Of course, this is no replacement for original explanatory journalism that remains at the core of what we do at BusinessWeek. It follows the dictum by Jeff Jarvis, the CUNY journalism professor and blogger, who advises media to “Do what you do best. Link to the rest.” In a world where time-constrained professionals are trying to keep up with an overabundance of information in their specific fields, the Exchange serves a highly valuable purpose. No less important, it connects like-minded people from every corner of the world in an online community that enriches the journalism at the center.
In this way, content becomes a roaring campfire that gathers around it a thoughtful and engaged group of people. It’s still at the center of the party, sparking compelling insights, opinions and storytelling that make journalism more memorable and meaningful than ever. But the conversation has become as important as the journalism. In other words, the context of journalism has become as important as the content. That’s because the Web is not merely a new distribution platform for information. It entirely changed the game. In this new game, journalism ceases to be a product, like a table that is handed down to an audience. Instead, journalism becomes a process that fully engages its readers—in the beginning, by asking them for story ideas; in the middle, by asking for the community’s help in reporting a story and, in the end, when the published story sparks the larger conversation among readers and journalists who greatly expand on the story.
It’s ceding a level of control and much more influence to your audience and benefiting from giving up total control. The outcome, I believe, is deeper and more meaningful engagement with your readers who also become sources who can enrich and improve journalism. This engagement, in turn, leads to new ideas, such as the Business Exchange, where a news organization lets the community tell us what topics it wants us to gather content and expertise around.
Little more than six weeks after our pubic launch, the Exchange already had a broad and fascinating array of more than 600 topics and thousands of registered users. The imagination shown by our users in creating unusual topics exceeds our wildest expectations. There’s “Conscious Capitalism,” “Bailout,” “Recession Job Search,” “Genetic Testing,” and “Sarbanes-Oxley Compliance.”
In the 18 months during which we were developing and building the Exchange, we called it “the microvertical.” And that’s exactly what it has turned out to be—a series of microcommunities around very vertical topics. Consider the number and variety of “green” topics: “Green Building,” “Green Cars,” “Green Computing,” “Green Investing,” “Green Technology,” and “Green Travel.” And then there’s “Renewable Energy,” “Solar Energy,” “Wind Energy,” “Hybrid Cars,” and “Biofuels.”
Running Into the Future
Recently I experienced a flashback to that day when I walked out of the Morning Call newsroom nearly 40 years ago. I was in a classroom with some of the smartest people in digital media at the New Business Models for News Summit at CUNY’s Graduate School of Journalism. It was yet another conference dealing with the analog-to-digital transition of journalism, and our group was devoted to the scary subject of “newsroom efficiencies.” Our case study? The Philadelphia Enquirer (a make-believe newspaper) had just folded, and we were charged with coming up with a replacement product. The group solution: Do away with print altogether and create an online site with 35 editorial employees to replace a daily newspaper with an edit staff of 200. All of the 20 “content creators” on our staff would have to take photographs, shoot, edit and produce video, do audio overdubs and on-camera video stand-ups, as well as report and write. Based on traffic and revenue projections, the group figured it could afford an editorial budget of $2.1 million. That translated into an average salary of just $60,000 a year for a “content creator,” and at least one person in the room argued that salary was too much.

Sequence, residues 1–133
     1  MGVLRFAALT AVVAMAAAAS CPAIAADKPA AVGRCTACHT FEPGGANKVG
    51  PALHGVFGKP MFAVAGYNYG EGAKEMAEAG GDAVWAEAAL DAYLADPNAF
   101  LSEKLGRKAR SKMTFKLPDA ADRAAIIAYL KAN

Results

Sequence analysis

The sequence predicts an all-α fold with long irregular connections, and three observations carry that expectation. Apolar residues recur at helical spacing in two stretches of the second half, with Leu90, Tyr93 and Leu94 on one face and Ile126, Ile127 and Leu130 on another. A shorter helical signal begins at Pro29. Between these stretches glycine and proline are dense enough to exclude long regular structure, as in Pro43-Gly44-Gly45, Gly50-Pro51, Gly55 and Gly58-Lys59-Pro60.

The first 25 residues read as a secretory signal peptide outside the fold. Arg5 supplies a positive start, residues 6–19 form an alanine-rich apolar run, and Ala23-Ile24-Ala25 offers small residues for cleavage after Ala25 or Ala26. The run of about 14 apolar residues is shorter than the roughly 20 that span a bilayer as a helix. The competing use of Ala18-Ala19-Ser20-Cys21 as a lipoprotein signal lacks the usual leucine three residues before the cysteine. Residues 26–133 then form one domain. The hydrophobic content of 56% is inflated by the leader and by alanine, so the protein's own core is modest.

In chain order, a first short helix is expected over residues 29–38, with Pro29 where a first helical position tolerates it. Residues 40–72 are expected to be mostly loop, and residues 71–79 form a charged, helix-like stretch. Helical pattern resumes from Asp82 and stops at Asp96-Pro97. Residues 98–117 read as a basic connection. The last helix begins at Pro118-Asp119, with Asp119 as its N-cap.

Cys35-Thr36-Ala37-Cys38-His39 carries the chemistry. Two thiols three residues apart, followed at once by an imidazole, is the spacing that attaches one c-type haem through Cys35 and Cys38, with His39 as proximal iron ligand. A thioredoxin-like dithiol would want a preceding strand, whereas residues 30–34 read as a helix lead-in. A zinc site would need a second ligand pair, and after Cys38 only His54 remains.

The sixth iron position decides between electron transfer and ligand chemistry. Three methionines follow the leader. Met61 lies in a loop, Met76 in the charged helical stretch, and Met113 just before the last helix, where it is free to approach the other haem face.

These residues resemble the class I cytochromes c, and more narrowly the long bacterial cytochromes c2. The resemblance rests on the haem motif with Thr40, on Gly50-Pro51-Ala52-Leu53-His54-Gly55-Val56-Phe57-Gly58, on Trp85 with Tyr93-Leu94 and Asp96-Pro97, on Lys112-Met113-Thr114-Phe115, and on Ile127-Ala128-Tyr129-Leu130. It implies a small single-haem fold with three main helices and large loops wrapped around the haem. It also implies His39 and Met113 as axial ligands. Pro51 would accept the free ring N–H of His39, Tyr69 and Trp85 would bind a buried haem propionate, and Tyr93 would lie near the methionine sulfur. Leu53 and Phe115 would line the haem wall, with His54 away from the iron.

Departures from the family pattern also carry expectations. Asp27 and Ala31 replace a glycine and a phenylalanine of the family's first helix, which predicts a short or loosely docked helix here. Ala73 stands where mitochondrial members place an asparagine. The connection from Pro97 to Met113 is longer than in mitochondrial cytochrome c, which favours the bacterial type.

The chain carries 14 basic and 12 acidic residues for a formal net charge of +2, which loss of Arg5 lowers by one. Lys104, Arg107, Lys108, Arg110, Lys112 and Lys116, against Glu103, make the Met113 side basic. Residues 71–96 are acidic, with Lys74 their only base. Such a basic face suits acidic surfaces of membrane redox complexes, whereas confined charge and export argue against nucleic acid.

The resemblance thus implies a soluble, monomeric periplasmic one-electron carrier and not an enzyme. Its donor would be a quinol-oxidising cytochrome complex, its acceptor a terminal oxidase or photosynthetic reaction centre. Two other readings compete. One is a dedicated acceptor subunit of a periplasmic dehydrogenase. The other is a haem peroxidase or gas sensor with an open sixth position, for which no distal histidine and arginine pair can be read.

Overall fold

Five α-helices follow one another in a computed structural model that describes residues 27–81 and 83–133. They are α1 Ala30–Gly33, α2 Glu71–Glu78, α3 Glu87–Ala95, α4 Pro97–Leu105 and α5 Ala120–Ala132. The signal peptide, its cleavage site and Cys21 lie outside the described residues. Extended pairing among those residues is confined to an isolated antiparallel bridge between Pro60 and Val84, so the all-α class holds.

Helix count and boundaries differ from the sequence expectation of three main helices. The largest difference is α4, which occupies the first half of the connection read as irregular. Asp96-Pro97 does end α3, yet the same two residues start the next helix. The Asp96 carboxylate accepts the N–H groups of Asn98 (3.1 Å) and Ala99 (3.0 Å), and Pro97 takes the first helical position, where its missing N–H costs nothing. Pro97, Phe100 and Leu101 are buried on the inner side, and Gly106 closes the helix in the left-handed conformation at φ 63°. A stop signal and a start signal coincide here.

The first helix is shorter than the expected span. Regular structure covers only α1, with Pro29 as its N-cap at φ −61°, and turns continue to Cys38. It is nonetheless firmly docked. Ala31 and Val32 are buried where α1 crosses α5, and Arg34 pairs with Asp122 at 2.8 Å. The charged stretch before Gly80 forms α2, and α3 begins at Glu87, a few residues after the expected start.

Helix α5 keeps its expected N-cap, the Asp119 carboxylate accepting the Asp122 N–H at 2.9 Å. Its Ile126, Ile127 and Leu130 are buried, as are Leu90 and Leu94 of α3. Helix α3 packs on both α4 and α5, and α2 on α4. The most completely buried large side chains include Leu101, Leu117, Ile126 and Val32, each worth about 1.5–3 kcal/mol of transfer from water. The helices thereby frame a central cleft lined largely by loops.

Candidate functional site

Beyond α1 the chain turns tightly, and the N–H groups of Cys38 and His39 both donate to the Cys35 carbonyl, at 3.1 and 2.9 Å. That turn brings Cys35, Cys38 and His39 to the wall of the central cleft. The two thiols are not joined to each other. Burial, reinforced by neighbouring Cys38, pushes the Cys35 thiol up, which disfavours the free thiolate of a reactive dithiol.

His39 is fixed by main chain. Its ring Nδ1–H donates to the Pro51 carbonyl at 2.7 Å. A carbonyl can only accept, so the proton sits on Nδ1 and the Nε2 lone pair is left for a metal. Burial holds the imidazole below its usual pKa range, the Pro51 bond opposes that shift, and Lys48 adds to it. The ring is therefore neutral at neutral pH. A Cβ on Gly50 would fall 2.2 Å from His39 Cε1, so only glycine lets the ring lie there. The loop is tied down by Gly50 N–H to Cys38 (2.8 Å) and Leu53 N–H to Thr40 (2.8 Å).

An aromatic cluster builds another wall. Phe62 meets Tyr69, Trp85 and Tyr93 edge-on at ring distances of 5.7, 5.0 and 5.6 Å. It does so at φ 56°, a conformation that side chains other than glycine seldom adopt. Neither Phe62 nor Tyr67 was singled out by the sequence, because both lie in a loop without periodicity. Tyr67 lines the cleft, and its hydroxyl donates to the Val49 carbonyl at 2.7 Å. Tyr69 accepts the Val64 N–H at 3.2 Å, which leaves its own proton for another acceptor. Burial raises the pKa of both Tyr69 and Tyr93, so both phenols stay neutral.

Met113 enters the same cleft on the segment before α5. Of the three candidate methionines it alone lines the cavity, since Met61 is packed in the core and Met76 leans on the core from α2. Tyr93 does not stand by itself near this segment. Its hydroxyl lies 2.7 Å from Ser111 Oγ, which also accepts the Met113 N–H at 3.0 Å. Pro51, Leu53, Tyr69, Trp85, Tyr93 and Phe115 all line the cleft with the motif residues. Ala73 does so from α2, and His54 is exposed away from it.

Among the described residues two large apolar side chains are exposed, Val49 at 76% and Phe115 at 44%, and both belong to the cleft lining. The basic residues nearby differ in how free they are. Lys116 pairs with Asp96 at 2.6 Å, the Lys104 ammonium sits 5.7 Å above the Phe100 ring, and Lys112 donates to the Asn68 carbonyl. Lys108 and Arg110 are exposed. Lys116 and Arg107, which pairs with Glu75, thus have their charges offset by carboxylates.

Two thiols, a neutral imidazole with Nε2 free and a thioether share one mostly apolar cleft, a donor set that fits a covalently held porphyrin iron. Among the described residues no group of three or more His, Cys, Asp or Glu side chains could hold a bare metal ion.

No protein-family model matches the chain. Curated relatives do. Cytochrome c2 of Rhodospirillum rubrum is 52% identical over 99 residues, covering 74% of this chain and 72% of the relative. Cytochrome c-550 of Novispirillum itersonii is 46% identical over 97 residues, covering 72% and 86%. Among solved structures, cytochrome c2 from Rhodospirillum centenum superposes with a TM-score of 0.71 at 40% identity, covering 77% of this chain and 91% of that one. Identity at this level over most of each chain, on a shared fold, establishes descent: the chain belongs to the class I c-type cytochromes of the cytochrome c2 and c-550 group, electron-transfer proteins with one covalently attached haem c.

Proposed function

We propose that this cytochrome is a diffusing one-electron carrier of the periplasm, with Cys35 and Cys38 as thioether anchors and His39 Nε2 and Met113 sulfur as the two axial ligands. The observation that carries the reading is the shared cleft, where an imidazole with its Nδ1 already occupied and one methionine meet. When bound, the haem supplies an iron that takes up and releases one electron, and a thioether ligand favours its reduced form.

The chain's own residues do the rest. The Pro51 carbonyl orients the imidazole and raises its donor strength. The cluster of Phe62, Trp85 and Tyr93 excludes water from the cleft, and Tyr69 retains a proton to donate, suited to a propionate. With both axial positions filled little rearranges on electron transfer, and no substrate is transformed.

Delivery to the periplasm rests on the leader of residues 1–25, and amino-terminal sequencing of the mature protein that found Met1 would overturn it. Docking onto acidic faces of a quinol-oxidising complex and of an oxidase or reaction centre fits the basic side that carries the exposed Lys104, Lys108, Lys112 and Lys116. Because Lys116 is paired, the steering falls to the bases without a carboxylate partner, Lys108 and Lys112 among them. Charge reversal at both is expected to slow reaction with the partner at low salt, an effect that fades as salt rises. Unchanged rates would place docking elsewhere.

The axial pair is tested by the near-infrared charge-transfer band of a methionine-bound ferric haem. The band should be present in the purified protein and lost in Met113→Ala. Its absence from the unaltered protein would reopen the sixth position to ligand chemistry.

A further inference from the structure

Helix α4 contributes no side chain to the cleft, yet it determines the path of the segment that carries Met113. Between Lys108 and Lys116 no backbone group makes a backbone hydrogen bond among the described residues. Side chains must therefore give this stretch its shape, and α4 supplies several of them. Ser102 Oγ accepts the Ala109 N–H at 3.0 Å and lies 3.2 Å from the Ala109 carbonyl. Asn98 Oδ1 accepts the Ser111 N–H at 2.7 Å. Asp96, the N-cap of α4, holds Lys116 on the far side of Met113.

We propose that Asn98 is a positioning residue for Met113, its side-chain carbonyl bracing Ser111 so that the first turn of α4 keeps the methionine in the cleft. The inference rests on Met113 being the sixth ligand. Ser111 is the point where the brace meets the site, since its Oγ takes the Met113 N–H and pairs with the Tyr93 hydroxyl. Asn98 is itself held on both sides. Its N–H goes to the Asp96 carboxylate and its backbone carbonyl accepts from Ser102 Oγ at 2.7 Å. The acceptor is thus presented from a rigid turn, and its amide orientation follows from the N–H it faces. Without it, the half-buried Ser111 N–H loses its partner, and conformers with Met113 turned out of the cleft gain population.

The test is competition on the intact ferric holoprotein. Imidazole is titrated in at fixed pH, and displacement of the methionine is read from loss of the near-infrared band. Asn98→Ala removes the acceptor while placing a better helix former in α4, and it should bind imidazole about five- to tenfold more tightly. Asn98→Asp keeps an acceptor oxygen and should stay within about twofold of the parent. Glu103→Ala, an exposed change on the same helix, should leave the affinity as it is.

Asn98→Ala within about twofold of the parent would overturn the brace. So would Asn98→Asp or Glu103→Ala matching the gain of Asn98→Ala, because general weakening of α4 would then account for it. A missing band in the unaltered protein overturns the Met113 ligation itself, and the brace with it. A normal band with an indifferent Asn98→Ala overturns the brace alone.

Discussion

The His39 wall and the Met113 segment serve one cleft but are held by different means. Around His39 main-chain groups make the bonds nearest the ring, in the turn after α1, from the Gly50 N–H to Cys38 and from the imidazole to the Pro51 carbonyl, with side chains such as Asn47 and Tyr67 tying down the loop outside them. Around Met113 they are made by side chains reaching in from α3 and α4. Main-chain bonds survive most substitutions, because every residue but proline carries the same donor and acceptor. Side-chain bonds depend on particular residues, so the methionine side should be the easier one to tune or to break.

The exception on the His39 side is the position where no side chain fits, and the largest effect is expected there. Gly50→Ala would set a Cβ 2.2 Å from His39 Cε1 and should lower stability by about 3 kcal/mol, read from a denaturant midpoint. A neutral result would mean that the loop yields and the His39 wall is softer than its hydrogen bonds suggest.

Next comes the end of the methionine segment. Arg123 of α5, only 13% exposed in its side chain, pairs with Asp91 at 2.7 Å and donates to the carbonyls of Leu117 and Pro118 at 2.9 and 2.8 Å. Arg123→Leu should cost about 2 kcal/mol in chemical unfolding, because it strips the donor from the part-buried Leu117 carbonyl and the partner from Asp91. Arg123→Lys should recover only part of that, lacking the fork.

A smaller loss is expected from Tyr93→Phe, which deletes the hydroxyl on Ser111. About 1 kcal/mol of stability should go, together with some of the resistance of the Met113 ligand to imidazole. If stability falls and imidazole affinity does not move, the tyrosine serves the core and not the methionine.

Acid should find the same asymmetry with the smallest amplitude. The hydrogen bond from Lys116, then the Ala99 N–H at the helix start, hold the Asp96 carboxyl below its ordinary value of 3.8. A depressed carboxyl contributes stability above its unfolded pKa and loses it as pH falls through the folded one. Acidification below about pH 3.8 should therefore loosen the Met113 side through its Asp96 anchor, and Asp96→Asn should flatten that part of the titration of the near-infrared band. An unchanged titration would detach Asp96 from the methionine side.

This new Enquirer replacement, incidentally, would heavily rely on citizen journalism and pay-per-click freelancers. There would be no global or national news, sports or entertainment, but rather a linking strategy to third-party content to cover those important subjects. The “content creators” would focus largely on local politics, education, sports and human-interest stories.
The Philadelphia solution is an outcome I never want to see—not anywhere. A strong and vibrant fourth estate is not only essential to a fully functioning democracy but to the efficiency of a society. But the only way we can change that outcome is to embrace and champion change and innovation in our profession. We need to recognize that this is one of the most creative of times in journalism and, along with that wave of change, one of the most terrifying transitions for many media brands. This period has the opportunity to be our Renaissance. We need to reinvent and transform journalism—and the business model that supports it—to secure a successful future.
For a traditional media company, the Exchange is a revolutionary departure, one of many we and other magazines need to make to succeed in a new and different world. I know one thing: I never again want to be a part of another media obituary.
John A. Byrne is the executive editor of BusinessWeek and editor in chief of BusinessWeek.com.
Editor and publisher, Combined Cycle Journal
01/02/2009, 11:00 AM
Business Week has been twisted up in its shorts for years, controlled by company executives who know virtually nothing about media.
The real problems began, I believe, when BW morphed into a magazine of meaningless executive profiles--e.g., "How John Smith turned around Acme Towel." All nonsense. But it did get lots of advertising from those who were profiled wanting to parlay their exposure into higher stock prices and perhaps sale of their respective companies to get the windfall gain. The M-H executive corps thought they were geniuses.
Real business journalism would have been on top of the disaster that struck in 2008 years earlier. But research was put on hold and other cost-cutting measures were adopted. "Editorial is an expense and the budget should be XX% of revenues and that's it."
If you focus on what's important to run a successful media organization--researchers/writers/editors and a FEW motivated salespersons (not a bunch of whiners who always need something else (higher circulation, etc) to sell a page of space--you eliminate half the staff and have plenty of money to dig into and write about what's important. And that gets readership.
Then you move the entire operation from the monument on Sixth Avenue capable of choking off any original thinking to more modest quarters befitting an editorial operation.
Next, look at all the people who are paid from the BW trough who are not in editorial or sales and start by eliminating the non-essential. That "staff" component could be cut in half overnight and probably in half again a year later.
To sum up, editorial products die when owners (management) lose their way.